Studio monitors are an important part of any recording studio. They allow you to hear what the recording is going to sound like when it is finished. In this blog post, we will talk about when to use studio monitors, where to place them in your recording space, and if headphones are sometimes better than monitors. We will also recommend some good quality studio monitors that you should consider buying.
Does studio monitor size matter?
Studio monitors come in all different shapes and sizes. Some are designed to sit on a desk, while others are designed to be mounted on a wall. There are even some studio monitors that come with stands so that you can place them at the perfect height.
Most people in a home studio need nearflied studio monitors which will be placed in close proximity to your ears. Most of these come in a 5 inch or 8 inch option.
You do not want to get huge studio monitors if you have a small room! This will provide too much sound pressure in your small space and cause problems. Conversely, if you have a large recording studio, you will want to get larger monitors so that you can fill the room with sound.
We have heard from many of people who pack small rooms with a huge amount of power. Then, they message us and say they spent a bunch of money on huge monitors and subs but they sound like crap! Don't do this! Get the proper monitor size for your room.
Choose monitors that fit your budget and fit your room size!
Where to place studio monitors in a room?
When choosing studio monitors, it is important to think about where you will be placing them in your recording space. If you have a small recording studio, you might want to consider buying desk-mounted monitors. If you have a larger recording studio, you might want to invest in wall-mounted or stand-mounted monitors.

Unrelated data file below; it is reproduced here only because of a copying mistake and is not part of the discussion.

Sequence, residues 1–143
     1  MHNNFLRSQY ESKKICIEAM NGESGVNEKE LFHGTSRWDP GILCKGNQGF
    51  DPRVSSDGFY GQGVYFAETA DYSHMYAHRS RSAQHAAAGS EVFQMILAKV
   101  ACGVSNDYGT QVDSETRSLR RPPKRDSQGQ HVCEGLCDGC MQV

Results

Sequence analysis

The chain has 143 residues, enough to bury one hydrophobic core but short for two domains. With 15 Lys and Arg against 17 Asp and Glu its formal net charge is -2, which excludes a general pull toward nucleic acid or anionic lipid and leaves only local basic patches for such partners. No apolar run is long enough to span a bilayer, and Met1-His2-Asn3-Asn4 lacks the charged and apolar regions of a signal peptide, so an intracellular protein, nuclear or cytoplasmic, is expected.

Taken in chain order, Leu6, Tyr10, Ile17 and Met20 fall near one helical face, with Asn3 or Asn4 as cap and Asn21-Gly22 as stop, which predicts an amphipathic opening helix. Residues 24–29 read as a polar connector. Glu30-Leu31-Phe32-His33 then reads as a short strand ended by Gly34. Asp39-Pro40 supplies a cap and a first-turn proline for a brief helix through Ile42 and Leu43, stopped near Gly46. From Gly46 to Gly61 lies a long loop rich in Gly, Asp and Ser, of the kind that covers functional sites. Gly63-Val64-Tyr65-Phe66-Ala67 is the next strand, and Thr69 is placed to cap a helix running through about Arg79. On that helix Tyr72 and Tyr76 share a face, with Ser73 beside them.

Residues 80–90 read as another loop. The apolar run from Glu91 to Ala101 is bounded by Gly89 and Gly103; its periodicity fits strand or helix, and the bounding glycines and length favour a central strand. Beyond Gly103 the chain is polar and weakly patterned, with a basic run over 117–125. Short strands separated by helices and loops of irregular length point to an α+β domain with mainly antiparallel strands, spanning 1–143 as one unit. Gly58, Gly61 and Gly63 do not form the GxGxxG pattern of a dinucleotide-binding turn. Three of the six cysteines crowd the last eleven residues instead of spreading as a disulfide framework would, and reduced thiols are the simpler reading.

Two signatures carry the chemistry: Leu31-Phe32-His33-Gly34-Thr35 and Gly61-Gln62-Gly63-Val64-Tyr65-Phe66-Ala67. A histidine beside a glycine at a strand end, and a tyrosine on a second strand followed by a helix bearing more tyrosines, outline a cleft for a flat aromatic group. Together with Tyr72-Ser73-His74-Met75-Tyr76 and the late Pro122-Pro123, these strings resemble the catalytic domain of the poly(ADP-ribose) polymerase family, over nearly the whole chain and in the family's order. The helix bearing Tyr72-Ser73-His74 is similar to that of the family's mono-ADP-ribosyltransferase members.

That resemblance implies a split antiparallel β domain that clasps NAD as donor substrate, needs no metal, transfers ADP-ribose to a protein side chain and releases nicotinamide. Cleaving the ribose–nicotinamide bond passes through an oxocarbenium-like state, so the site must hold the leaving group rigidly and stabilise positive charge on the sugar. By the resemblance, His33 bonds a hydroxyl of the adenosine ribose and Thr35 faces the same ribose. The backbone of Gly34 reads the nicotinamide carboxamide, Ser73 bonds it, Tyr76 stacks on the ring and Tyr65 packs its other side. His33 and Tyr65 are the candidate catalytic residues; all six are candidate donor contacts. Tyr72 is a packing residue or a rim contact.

Prior to placing your monitors you need to identify a starting point for your listening position. The listening position is the spot where you will sit when mixing, mastering, listening, etc.
Begin by facing your speakers to a short wall of your room. It is better for the listening position to face a short wall vs a long wall in order to get a flatter bass response. Also, this gives you more distance between your ears and the rear wall. If your rear wall tends to reflect sound then it should be a minimum of 10 ft behind your ears. If less than 10 ft you might need treatment with some sound dampening acoustic panels.
Next, use the 38% rule of thumb (created by by Wes Lachot). Measure the center point between the two side walls and 38% back from the front wall. This is the spot to start with, but does not have to be exact as all rooms are different.
Your right and left speakers should form an equilateral triangle with your listening position. Your monitors sound best when they are the same distance apart from each other as they are from you. Aiming your speakers at your listening point (toeing) can make a huge difference in the sound quality.
Monitor isolation pads are also used to angle speakers into more optimum listening positions. Speaker pads also help reduce vibration and absorb bass recoil providing you with the best sound your speaker can produce.
This concept is illustrated In the below diagram. The white dot is the listening position of the example room. The blue line is the same size as each red line.
In the video below we go over this is some more detail.
Studio Monitors vs Headphones
Studio monitors are designed to give you an accurate representation of how your recording will sound. However, sometimes headphones can give you a better idea of how your recording will sound. If you are recording a song with a lot of background noise, you might want to consider using headphones so that you can hear all of the instruments and vocals clearly.
Headphones can be better when actually making the recording. Especially in home studios. This is because of feedback, and not having proper sound transmission blockage in home studios. If you are having trouble getting a good recording with your monitors, try using headphones instead.
Which studio monitors to buy?
There are a lot of great studio monitors on the market. We recommend checking out these.
Yamaha HS series
KRK Rokit series
Mackie MR series
All of these monitors are great for recording studios of all sizes.
We hope that this blog post has helped you to understand when to use studio monitors, where to place them in your recording space, and if headphones might be a better option for recording than monitors. If you have any questions, feel free to leave a comment below. Thanks for reading!